"The Spirit of the Lord is upon Me, because He has anointed Me to preach good news to the poor."
With a plethora of pronouns, it's easy to lose track of the roles expressed in this passage from Christ's first public discourse after the forty days of fasting and temptation in the wilderness, as recorded by Luke. Here is a simple breakdown of the sentence:
The Father has anointed Jesus.
Jesus preaches good news to the poor.
I am here today, an undeserving recipient of God's grace and mercy, because the Good News, preached by Jesus, who was set apart by the Father and had the Spirit of the Lord resting upon Him, was extended to me, chosen by the Father before the foundation of the world, paid for in the atoning work of the Son, sealed by the Holy Spirit for eternity. What wondrous love is this?!
The Spirit upon Jesus enabled Him to preach good news to the poor. Our Lord today still preaches good news to those impoverished in spirit through the Holy Spirit's abiding work in His followers. "... The Spirit of glory and of God rests upon you" (I Peter 4:14b). The servant is not greater than his Master. Our Lord humbled Himself, taking the place of a servant, wetting washcloths and washing the feet of his disciples. Our Lord did this! What kind of testimony would it be to others to see the gratitude and joy of the servants demonstrated when we serve others, following in the footsteps of our Master, greater than we, functioning perfectly and purposefully under the economy of His role within the Trinity.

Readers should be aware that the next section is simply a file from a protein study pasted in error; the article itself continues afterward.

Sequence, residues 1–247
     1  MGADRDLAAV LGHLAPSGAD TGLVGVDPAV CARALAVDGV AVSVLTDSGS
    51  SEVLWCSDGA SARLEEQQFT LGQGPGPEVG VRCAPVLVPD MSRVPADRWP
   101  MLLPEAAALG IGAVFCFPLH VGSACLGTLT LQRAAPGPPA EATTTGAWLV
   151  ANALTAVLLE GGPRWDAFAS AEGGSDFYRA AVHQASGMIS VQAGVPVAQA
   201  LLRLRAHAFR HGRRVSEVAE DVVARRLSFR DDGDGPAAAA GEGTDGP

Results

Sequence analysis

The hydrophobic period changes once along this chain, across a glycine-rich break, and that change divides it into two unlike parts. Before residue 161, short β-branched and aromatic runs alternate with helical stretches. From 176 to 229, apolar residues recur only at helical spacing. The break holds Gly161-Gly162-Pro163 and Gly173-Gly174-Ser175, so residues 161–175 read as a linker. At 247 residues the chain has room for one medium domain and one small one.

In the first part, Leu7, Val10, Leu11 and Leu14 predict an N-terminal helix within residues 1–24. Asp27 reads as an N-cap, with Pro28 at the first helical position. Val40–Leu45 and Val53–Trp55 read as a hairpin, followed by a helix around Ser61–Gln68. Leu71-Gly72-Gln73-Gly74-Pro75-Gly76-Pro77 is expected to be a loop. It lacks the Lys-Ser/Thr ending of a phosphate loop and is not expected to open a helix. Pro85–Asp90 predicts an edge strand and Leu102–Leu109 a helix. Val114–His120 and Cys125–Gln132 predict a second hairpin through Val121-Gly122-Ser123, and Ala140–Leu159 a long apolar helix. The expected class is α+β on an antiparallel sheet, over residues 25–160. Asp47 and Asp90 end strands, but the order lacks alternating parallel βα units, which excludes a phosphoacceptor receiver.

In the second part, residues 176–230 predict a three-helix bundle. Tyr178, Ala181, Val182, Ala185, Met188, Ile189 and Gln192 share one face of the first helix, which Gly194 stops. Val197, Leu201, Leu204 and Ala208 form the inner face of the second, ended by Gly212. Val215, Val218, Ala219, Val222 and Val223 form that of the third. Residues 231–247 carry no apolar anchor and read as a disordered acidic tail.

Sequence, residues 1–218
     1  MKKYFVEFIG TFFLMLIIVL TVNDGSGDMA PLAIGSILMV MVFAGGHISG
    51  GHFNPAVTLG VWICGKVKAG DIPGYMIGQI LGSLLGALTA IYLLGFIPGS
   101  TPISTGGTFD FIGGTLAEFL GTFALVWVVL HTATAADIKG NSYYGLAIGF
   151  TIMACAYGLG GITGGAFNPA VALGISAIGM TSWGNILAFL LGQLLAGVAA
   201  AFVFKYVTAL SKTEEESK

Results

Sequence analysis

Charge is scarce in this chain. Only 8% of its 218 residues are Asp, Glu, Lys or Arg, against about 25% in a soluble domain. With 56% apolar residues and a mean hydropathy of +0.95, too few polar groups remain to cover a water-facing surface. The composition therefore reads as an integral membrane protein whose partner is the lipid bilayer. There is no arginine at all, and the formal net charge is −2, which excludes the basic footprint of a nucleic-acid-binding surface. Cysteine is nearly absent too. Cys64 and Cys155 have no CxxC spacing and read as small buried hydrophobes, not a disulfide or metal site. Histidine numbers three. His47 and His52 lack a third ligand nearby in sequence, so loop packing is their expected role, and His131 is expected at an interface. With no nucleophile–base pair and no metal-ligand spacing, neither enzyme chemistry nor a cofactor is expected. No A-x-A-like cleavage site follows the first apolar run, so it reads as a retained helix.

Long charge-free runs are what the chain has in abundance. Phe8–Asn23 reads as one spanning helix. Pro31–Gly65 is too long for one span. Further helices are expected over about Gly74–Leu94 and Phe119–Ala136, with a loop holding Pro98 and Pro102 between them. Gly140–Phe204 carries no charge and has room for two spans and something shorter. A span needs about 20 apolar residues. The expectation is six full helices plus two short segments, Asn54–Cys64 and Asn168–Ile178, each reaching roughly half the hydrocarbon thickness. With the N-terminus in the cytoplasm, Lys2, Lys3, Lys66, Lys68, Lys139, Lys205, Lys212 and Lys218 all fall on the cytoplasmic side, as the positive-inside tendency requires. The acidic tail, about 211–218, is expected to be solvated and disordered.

"God anointed Jesus of Nazareth with the Holy Spirit and with power. He went about doing good," says the apostle Peter in his message to Cornelius (Acts 10:38). Nineteenth-century preacher J.R. Miller exhorts us, in our Christ-following service, to do the same:
"We should strive to perpetuate this Christ-ministry of love in this world. Hearts are breaking with sorrow, men are bowing under burdens too heavy for them. Duty is too large, the battles are too hard. It is our mission to do for these weary, overwrought, defeated, and despairing ones--what Christ Himself would do if He were standing where we stand. He wants us to represent Him; and He fills us with His Spirit, that we may be able to scatter the blessings of helpfulness and gladness all about us. Yet one of the saddest things about life is, that, with so much power to help others by kindliness of word and kindliness of act--many of us pass through the world in silence or with folded hands."
We are able to serve the Lord through trial and affliction, under extreme circumstances, emptying ourselves into lives of others who would disregard, reject, mock and persecute us, because the Holy Spirit, that untiring, relentless, thorough, creative, enabling Person of the Trinity, gives us His power and His strength to persevere to the end.